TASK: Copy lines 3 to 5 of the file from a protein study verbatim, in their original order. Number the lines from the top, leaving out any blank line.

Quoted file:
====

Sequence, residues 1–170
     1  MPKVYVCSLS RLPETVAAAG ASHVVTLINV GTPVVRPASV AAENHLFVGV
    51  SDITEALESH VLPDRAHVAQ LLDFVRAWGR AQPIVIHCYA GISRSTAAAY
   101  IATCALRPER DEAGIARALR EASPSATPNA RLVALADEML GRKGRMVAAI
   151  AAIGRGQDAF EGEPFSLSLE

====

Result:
    51  SDITEALESH VLPDRAHVAQ LLDFVRAWGR AQPIVIHCYA GISRSTAAAY
   101  IATCALRPER DEAGIARALR EASPSATPNA RLVALADEML GRKGRMVAAI
   151  AAIGRGQDAF EGEPFSLSLE